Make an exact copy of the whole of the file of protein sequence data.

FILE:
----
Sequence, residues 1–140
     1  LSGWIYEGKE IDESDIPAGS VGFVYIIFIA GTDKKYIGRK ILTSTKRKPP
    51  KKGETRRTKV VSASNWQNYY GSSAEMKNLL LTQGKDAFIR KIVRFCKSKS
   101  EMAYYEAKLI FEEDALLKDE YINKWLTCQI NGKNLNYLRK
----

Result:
Sequence, residues 1–140
     1  LSGWIYEGKE IDESDIPAGS VGFVYIIFIA GTDKKYIGRK ILTSTKRKPP
    51  KKGETRRTKV VSASNWQNYY GSSAEMKNLL LTQGKDAFIR KIVRFCKSKS
   101  EMAYYEAKLI FEEDALLKDE YINKWLTCQI NGKNLNYLRK